RSS
The New Yorker's Scientology expose: 7 key revelations
The magazine launches a major investigation into the powerful Church of Scientology — and unearths startling new information about its alleged abuses
Tom Cruise, seen here speaking at a Scientology church in Madrid in 2004, reportedly set up a "Scientology-espousing tent" on the set of "War of the Worlds."
Tom Cruise, seen here speaking at a Scientology church in Madrid in 2004, reportedly set up a "Scientology-espousing tent" on the set of "War of the Worlds."
Corbis
T

he New Yorker has published "The Apostate," a 24,000-word investigation into the Church of Scientology, examining many of its biggest controversies and focusing in particular on Oscar-winning director Paul Haggis' defection from the religion. A member of the church for 35 years, the Crash director attained one of its highest levels of enlightenment, but fell out with church leaders over their stand on gay rights, and publicly left Scientology in 2009. "The article is fairly exhausting to read," says Nina Shen Rastogi at Slate, but Lawrence Wright's "diligent" reporting makes this "pure candy" for lovers of investigative journalism. Here, a concise guide to seven of the article's biggest revelations:

1. The FBI is investigating the Church of Scientology
The FBI's human trafficking task force has been interviewing former Scientologists over claims that members of the church's elite Sea Organization order were held against their will and forced to perform manual labor for little or no pay. Several former Sea Org members claim they were physically abused and held in "punitive re-education camps," reports Wright. (Watch an NBC discussion about the charges.) The church says that Sea Org members were free to travel or leave at any time, and denies any physical or mental abuse. "The case remains open," says Wright. Scientology's worst abuses "always seemed to barely skirt the edges of legality," says Adrian Chen at Gawker. Now, it "looks like they might have crossed over into outright slavery. How Biblical."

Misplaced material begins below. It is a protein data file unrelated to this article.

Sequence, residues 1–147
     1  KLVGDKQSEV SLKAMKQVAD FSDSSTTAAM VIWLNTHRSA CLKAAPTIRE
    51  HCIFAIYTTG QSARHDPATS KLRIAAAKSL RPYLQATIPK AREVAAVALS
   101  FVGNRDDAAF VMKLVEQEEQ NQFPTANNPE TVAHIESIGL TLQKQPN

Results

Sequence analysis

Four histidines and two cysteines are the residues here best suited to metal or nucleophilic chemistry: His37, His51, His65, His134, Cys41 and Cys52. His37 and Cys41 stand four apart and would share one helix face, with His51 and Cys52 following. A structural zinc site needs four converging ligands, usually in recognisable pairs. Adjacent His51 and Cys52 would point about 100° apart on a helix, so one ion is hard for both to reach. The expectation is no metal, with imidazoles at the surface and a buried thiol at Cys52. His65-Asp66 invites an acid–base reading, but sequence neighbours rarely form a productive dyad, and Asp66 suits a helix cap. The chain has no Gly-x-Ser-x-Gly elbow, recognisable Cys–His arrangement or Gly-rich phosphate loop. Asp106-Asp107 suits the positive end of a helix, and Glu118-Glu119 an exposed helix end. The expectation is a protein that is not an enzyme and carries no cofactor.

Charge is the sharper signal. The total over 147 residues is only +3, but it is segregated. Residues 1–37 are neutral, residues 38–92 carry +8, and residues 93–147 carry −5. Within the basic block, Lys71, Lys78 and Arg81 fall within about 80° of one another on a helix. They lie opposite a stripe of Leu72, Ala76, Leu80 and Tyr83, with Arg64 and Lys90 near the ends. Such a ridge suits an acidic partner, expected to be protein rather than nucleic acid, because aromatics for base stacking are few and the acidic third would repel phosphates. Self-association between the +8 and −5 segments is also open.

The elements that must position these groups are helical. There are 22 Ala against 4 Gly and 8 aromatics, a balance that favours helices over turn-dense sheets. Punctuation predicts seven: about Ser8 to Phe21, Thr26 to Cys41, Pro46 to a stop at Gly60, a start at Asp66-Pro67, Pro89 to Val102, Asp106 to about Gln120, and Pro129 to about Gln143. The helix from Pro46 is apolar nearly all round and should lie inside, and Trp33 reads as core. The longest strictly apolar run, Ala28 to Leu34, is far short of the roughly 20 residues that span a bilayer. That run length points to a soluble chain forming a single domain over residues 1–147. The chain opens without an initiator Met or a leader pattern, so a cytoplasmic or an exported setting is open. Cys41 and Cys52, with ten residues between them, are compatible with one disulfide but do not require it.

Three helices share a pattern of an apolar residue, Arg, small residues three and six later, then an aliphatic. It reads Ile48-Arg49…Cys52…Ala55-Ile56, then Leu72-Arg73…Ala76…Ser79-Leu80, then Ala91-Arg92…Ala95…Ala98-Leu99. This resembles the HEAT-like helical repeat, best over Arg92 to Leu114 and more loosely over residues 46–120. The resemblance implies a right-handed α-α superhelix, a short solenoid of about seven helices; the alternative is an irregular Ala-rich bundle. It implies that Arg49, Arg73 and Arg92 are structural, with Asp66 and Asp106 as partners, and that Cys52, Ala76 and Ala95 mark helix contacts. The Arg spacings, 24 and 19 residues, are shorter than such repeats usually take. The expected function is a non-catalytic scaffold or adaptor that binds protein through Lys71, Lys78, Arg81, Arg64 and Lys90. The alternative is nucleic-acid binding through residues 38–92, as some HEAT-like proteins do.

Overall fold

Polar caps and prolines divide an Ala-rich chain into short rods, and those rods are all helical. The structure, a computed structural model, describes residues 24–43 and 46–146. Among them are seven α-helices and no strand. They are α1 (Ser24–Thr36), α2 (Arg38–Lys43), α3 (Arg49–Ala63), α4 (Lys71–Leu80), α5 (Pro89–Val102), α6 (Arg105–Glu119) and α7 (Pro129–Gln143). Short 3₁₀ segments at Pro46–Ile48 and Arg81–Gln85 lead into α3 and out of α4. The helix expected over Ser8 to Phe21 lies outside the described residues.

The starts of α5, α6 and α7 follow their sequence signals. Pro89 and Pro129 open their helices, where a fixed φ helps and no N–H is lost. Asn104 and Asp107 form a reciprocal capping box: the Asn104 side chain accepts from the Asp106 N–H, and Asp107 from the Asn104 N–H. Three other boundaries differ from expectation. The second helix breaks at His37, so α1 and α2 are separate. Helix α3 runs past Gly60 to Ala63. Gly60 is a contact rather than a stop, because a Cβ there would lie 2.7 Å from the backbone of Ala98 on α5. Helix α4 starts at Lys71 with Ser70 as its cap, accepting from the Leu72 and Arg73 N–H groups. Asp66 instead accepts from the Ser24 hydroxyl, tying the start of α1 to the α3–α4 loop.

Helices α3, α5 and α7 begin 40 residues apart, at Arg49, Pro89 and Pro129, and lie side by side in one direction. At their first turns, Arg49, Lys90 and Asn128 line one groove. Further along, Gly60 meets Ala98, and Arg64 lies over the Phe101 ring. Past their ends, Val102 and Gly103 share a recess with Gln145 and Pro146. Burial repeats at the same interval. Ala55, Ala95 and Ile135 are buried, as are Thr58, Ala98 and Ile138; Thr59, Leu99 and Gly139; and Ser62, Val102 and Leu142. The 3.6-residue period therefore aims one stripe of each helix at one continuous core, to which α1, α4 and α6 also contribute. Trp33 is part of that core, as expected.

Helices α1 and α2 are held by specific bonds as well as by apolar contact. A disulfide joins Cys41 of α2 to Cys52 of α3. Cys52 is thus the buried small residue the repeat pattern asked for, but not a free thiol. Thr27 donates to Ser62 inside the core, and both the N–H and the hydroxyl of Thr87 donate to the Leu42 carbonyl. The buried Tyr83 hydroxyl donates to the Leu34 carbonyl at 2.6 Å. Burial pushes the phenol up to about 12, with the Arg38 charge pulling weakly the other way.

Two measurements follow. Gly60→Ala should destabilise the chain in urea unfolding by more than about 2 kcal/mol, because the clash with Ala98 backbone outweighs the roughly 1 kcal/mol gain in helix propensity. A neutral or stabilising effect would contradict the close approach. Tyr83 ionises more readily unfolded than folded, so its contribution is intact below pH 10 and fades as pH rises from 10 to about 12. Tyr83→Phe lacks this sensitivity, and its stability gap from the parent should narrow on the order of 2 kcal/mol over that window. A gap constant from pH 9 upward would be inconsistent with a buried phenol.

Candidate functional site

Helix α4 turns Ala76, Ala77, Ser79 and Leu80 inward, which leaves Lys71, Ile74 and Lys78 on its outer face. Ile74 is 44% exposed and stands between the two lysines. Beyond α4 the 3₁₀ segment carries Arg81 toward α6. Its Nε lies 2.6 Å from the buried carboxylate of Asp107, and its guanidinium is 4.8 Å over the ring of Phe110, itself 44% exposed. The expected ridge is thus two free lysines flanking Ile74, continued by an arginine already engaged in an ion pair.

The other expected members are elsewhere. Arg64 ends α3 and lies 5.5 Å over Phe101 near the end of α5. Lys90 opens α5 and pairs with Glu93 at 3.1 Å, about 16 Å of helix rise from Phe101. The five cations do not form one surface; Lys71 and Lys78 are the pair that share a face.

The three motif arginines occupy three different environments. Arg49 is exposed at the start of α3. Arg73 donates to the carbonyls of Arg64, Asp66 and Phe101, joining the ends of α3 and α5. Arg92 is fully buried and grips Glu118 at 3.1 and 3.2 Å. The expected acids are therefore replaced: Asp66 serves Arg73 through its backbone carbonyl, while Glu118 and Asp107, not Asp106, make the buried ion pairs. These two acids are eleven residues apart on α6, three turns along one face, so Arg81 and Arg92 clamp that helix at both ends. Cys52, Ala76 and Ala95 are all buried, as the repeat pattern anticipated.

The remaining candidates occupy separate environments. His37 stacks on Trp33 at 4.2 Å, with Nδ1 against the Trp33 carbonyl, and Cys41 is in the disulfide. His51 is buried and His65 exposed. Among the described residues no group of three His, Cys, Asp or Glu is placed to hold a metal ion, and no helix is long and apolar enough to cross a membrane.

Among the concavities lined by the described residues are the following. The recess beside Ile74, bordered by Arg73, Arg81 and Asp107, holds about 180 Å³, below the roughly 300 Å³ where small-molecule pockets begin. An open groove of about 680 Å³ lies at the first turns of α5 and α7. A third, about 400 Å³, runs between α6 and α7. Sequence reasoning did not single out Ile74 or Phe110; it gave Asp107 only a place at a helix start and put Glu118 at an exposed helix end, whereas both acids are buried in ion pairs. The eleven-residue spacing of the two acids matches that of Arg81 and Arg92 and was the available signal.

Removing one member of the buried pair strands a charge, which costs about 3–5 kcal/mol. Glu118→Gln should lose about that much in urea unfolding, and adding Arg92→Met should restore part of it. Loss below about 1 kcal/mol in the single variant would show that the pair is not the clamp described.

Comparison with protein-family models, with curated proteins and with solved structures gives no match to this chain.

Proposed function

2. Miscavige has led a cutthroat game of musical chairs
David Miscavige, the 50-year-old head of the church, comes across as the "villain of the piece," says Kyle Buchanan at New York. Many defectors allege Miscavige would regularly lose his temper and physically attack those around him — claims the church denies — and Wright recounts the tale of a particularly sadistic Miscavige exercise. Miscavige allegedly gathered almost a hundred church leaders who refused to enforce the church's "aggressive, even violent, discipline," and told them they were going to play a game of musical chairs. Only the last person standing, said Miscavige, would be allowed to stay. The rest would be sent home to their families, from whom they had long been cut off. As Miscavige played Queen's "Bohemian Rhapsody," church leaders "fought over the chairs, punching each other and, in one case, ripping a chair apart." The church confirmed that a game of musical chairs had taken place as an administrative exercise — but called claims of violence and coercion "nuts."